Some miners are promising more climate-friendly operations, but research shows the industry is a long way from putting that into practice
The word “sustainable” features prominently on the website for Merkle Standard’s crypto mining operation in remote eastern Washington, which aims to be carbon neutral by year’s end.
In Idaho, budding company GeoBitmine plans to meet its “environmental, social and governance mandate” by using heat waste from its computers to grow crops in a greenhouse.
And in Texas, crypto miners trumpet their presence as eager customers of a growing portfolio of wind and solar power projects.
Across the country, cryptocurrency miners are striving to remake the image of their industry in the public’s and policymakers’ minds: from flighty to reliable, from all about profit to altruistic, from energy guzzling and emissions heavy to climate conscious.
“We want to be allies, not adversaries,” said Jay Jorgensen, founder and CEO of GeoBitmine, the Idaho company. “Allies of the earth, of energy, of energy production, of the community we’re in.”
But environmental groups and researchers are skeptical. They point to the industry’s track record of contributing to greenhouse gas emissions and e-waste, as documented by federal agencies and independent researchers, and to the general volatility of crypto’s first decade-plus of existence.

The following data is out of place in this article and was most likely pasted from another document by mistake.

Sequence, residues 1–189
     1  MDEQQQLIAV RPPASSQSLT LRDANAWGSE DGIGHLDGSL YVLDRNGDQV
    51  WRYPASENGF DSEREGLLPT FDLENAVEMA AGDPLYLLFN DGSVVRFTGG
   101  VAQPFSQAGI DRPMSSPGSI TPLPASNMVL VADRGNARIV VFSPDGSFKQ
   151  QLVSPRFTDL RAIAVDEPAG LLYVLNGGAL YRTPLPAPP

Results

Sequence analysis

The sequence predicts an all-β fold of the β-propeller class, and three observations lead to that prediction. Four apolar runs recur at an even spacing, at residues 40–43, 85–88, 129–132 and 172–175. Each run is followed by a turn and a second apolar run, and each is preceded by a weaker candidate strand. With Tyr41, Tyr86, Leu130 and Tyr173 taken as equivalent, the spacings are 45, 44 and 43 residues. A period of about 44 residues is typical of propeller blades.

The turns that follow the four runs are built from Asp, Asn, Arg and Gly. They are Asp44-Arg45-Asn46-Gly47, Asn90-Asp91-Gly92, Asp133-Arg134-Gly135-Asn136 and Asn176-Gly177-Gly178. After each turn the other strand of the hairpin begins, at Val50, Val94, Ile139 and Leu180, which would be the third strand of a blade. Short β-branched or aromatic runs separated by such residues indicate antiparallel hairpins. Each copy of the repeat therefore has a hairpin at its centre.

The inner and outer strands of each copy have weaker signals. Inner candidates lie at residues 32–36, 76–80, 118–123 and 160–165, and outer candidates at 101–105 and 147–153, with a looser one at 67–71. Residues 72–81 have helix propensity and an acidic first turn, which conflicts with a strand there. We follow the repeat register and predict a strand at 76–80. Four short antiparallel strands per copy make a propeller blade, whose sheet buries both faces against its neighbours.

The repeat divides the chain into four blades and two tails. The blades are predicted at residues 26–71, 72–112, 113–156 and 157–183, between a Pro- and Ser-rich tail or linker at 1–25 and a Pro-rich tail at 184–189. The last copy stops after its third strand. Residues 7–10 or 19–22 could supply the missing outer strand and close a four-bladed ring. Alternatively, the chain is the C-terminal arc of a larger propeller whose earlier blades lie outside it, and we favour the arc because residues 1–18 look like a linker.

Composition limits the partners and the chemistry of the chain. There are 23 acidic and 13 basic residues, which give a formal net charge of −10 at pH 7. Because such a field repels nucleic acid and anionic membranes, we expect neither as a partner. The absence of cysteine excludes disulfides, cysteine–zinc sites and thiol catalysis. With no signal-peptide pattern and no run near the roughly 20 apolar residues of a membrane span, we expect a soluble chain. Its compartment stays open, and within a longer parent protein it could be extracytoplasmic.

“I think there’s been a big shift in the public relations aspect,” said Nick Thorpe, climate and energy advocate with Earthjustice, an environmental law nonprofit that produced a sweeping report in 2022 on the crypto mining industry’s environmental liabilities.
“(They’re) attempting to say all of the various talking points, like ‘We incentivize renewable energy … We’re near a wind farm so therefore we’re getting 100% clean energy,’ which, frankly, is incredibly misleading and very much like greenwashing.”
Voices from both camps are clamoring for the ear of state and federal policymakers who are just beginning to form regulations around the nascent industry. The ongoing question is whether crypto mining will hinder or help progress toward transitioning the country away from fossil fuels and stabilizing the nation’s electrical infrastructure.
Based on the industry’s history, even some crypto miners are striking a cautious tone.